Ebola Hemorrhagic Fever (Ebola Virus Disease)

 

Ebola hemorrhagic fever (Ebola virus disease) facts

 

  • Ebola hemorrhagic fever is a disease caused by four different strains of Ebola virus; these viruses infect humans and nonhuman primates. It is also referred to as Ebola virus disease.
  • Ebola hemorrhagic fever has a short history since it was discovered in 1976. There have been a few outbreaks, including the current (April 2014) “unprecedented epidemic” in Africa.

ebola-virus

  • Symptoms and signs of Ebola virus disease include an incubation period of two to 21 days, starting with abrupt fever, headache, jointand muscle aches, sore throat, and weakness; progression of symptoms include diarrhea,vomiting, stomach pain, hiccups, and rash with more devastating symptoms of internal and external bleeding in many patients.
  • Ebola viruses are mainly found in primates in Africa and possibly the Philippines; there are only occasional outbreaks of infection in humans. Ebola hemorrhagic fever occurs mainly in Africa in the Republic of the Congo, Gabon, Sudan, Ivory Coast, and Uganda, but it may occur in other African countries.
  • Ebola virus can be spread by direct contact with blood and secretions, by contact with blood and secretions that remain on clothing, and by needles and/or syringes used to treat Ebola-infected patients.
  • Risk factors for Ebola hemorrhagic fever are travel to areas with endemic Ebola hemorrhagic fever and/or any close association with an infected person.
  • Early clinical diagnosis is difficult as the symptoms are nonspecific; however, if the patient is suspected to have Ebola, the patient needs to be isolated and local and state health departments need to be immediately contacted.
  • Definitive diagnostic tests for Ebola hemorrhagic fever are ELISAand/or PCR tests; viral cultivation and biopsy samples may also be used.
  • There is no standard treatment for Ebola hemorrhagic fever; only supportive therapy is available.
  • There are many complications from Ebola hemorrhagic fever; the prognosis for patients ranges from fair to poor since many patients died from the disease (death rate equals about 25%-100%).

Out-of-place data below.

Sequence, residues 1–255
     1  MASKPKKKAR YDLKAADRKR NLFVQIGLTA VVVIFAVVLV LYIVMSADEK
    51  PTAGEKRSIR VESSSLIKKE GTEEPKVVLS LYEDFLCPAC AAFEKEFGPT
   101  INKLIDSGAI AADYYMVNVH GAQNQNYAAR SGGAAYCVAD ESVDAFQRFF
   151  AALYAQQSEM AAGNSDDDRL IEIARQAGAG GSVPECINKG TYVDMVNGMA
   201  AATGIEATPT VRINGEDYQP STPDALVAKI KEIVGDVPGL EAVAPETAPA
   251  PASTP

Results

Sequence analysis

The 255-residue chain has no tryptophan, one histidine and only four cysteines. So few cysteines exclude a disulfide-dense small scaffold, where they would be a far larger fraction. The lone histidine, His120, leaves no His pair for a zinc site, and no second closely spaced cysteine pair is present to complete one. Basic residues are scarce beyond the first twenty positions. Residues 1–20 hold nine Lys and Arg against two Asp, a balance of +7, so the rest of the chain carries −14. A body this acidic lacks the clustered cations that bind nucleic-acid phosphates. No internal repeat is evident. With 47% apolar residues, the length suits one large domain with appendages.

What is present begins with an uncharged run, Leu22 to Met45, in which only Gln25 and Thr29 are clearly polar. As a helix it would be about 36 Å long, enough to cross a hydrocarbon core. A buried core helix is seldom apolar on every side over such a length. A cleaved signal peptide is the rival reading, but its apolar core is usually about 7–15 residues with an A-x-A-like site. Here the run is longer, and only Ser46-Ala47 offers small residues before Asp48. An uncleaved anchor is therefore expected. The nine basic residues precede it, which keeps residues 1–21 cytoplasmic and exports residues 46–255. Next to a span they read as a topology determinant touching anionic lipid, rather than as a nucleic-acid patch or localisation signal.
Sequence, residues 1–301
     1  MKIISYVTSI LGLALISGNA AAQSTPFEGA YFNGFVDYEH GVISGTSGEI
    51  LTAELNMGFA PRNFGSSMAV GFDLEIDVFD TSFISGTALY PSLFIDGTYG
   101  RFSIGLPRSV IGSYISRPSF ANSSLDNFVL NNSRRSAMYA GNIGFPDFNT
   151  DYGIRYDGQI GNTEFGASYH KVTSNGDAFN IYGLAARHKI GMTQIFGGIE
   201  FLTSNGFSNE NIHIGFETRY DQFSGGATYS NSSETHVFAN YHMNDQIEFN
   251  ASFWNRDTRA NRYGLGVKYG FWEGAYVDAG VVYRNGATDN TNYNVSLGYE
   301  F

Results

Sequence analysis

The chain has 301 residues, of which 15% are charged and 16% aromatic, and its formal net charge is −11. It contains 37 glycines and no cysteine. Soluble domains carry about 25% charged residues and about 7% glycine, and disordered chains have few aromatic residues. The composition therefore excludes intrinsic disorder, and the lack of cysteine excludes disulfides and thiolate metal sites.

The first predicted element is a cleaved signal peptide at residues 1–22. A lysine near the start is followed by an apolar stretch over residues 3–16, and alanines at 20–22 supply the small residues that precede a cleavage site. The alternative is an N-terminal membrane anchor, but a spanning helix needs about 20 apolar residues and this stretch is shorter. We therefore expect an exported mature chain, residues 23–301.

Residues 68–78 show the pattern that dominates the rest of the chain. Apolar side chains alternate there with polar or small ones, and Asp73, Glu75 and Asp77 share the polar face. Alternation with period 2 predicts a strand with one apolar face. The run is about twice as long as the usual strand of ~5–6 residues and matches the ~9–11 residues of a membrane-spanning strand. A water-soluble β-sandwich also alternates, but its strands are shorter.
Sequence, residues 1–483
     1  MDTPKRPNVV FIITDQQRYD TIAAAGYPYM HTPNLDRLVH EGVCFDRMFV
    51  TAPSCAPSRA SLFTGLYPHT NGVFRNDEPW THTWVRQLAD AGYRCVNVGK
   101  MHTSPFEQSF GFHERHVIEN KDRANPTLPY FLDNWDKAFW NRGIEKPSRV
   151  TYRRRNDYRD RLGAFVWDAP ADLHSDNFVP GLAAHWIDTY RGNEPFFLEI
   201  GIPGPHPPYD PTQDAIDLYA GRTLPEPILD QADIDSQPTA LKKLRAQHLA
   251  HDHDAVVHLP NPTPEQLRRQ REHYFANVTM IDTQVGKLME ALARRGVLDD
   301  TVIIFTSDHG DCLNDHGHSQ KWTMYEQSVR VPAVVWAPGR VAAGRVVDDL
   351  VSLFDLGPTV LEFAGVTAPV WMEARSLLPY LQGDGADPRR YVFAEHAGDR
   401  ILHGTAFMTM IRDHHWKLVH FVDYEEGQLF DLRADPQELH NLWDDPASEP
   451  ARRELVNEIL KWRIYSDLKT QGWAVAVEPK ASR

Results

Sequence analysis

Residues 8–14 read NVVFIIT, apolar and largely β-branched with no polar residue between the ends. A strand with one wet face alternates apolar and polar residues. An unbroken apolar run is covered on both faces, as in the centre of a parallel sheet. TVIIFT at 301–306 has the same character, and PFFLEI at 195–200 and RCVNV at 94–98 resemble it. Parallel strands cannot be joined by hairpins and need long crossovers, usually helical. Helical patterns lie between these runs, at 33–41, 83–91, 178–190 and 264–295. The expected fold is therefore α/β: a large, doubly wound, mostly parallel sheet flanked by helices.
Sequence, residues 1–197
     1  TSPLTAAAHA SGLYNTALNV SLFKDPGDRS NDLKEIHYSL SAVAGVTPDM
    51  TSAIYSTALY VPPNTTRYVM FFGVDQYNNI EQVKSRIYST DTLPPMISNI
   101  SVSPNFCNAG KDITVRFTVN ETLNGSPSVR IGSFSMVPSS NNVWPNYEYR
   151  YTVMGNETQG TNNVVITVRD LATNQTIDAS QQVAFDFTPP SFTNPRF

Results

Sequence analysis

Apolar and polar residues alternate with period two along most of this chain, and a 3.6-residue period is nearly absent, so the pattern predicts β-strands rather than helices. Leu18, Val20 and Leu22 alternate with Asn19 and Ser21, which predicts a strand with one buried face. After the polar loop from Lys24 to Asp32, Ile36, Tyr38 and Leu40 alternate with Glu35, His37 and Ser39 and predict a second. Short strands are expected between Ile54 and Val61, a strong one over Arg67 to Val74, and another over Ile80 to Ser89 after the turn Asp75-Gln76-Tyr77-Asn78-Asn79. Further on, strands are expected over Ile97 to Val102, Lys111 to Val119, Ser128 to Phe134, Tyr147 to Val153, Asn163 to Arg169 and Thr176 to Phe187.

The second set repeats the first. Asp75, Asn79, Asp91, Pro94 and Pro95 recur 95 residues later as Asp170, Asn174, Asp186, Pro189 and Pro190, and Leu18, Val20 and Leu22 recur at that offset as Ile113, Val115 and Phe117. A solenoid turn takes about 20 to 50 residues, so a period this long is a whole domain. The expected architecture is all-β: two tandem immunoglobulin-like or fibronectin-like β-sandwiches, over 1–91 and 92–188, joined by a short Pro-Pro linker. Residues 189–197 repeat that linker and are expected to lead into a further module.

• Prevention of Ebola hemorrhagic fever is difficult; early testing and isolation of the patient, plus barrier protection for caregivers (mask, gown, goggles, and gloves), is very important to prevent others from getting infected.
  • Researchers are trying to understand the Ebola virus and pinpoint its ecological reservoirs to better understand how outbreaks occur. Researchers are actively trying to establish an effective vaccine against Ebola viruses by using several experimental methods, but there is no vaccine available currently.

Video of Ebola Virus surviver

 

What is Ebola hemorrhagic fever?

Ebola hemorrhagic fever is a viral disease caused by Ebola virus that results in nonspecific symptoms early in the disease and often causes internal and external hemorrhage (bleeding) as the disease progresses. Ebola hemorrhagic fever is considered one of the most lethal viral infections; the mortality rate (death rate) is very high during outbreaks (reports of outbreaks range from about 50% to 100% of humans infected, depending on the Ebola strain).

What is the history of Ebola hemorrhagic fever?

Ebola hemorrhagic fever was first noted in Zaire (currently, the Democratic Republic of the Congo or DRC) in 1976. The original outbreak was in a village near the Ebola River after which the disease was named. During that time, the virus was identified in person-to-person contact transmission. Of the 318 patients diagnosed with Ebola, 88% died. Since that time, there have been multiple outbreaks of Ebola virus, and five strains have been identified; four of the strains are responsible for the high death rates. The four Ebola strains are termed as follows: Zaire, Sudan, Tai Forest, and Bundibugyo virus, with Zaire being the most lethal strain. A fifth strain termed Reston has been found in the Philippines. The strain infects primates, pigs, and humans and causes few if any symptoms and no deaths in humans. Most outbreaks of the more lethal strains of Ebola have occurred in Africa and mainly in small- or medium-sized towns. Once recognized, African officials have isolated the area until the outbreak ceased. However, in this new outbreak that began in Africa in March 2014, some of the infected patients have reached larger city centers and have been hospitalized. Unfortunately, many people may have been exposed to the virus in the city, thus causing more infections (and deaths). This outbreak in Africa has now spread to Guinea’s capital and has been detected in the neighboring countries of Liberia and Sierra Leone. About 122 infected people have been diagnosed and 78 have died as of Apr. 1, 2014. The infecting Ebola virus detected this outbreak is the Zaire strain, the most pathogenic strain of Ebola. Health agencies are terming this outbreak as an “unprecedented epidemic.”

 

What causes Ebola hemorrhagic fever?